The choice of “modernizing alternatives” will be made in Moscow, not, as US policy-makers once thought, in Washington, but American policy will be a crucial factor. In the centuries-long struggle between reform and reaction in Russia, anti-authoritarian forces have had a political chance only when relations with the West were improving. In this regard, Washington still plays the leading Western role, for better or worse.

* * *

When President Obama made “resetting” relations with Moscow a foreign-policy priority, he seemed to understand that a chance for a necessary partnership with post-Soviet Russia had been lost and might still be retrieved. The meaning of “reset” was, of course, what used to be called détente. And since détente had always meant replacing cold war conflicts with cooperation, the president’s initiative also suggested an understanding that he had inherited something akin to a new cold war.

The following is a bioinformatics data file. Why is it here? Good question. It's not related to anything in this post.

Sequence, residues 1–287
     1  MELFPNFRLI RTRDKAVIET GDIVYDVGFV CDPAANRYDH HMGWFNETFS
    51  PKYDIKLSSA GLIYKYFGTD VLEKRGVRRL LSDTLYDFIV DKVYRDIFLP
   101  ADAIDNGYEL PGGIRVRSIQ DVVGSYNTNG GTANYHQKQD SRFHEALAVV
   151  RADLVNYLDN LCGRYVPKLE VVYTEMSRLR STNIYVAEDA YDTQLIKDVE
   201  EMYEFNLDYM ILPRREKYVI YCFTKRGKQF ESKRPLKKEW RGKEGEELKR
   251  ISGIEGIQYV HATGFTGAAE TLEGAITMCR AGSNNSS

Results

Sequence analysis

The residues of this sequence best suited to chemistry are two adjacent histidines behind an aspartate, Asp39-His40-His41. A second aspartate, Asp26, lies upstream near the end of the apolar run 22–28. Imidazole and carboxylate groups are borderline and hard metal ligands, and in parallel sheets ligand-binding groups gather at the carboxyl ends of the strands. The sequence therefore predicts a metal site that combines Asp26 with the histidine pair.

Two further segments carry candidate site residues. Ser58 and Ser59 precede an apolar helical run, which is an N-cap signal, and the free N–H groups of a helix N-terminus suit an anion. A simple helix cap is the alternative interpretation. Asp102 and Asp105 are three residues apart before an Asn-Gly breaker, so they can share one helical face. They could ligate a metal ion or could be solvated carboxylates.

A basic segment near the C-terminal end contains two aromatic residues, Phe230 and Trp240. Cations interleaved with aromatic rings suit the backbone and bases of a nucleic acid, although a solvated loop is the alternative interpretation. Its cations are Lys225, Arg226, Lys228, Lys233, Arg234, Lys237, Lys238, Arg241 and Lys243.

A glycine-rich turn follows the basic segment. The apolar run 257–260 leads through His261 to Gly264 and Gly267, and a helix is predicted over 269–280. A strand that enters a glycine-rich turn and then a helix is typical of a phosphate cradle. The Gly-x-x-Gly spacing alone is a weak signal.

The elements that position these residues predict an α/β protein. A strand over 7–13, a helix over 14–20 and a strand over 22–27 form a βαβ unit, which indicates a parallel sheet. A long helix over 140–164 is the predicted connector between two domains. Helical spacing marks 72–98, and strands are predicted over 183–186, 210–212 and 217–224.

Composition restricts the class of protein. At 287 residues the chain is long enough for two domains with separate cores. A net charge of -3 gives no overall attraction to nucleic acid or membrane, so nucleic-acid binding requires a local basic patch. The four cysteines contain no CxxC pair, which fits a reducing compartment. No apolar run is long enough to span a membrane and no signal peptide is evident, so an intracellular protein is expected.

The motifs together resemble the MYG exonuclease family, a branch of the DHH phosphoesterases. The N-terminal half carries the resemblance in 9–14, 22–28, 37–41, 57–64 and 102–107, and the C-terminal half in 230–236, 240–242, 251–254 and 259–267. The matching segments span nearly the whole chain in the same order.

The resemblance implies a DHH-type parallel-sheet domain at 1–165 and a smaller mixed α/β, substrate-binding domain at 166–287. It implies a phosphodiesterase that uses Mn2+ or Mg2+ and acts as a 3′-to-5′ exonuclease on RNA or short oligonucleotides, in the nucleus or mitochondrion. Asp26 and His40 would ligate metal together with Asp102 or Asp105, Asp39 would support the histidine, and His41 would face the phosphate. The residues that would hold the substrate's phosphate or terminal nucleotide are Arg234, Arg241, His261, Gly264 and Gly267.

The long, episodic history of détente, which began in 1933 when President Franklin Roosevelt established diplomatic relations with Soviet Russia after fifteen years of non-recognition, tells us something important about Obama’s reset. Each episode was opposed by powerful ideological, elite and institutional forces in Washington and Moscow; each required strong leadership to sustain the process of cooperation; and each, after a period of success, dissipated or collapsed in a resurgence of cold war conflicts, as did even the historic détente initiated by Gorbachev and Reagan in 1985 that promised to abolish cold war altogether.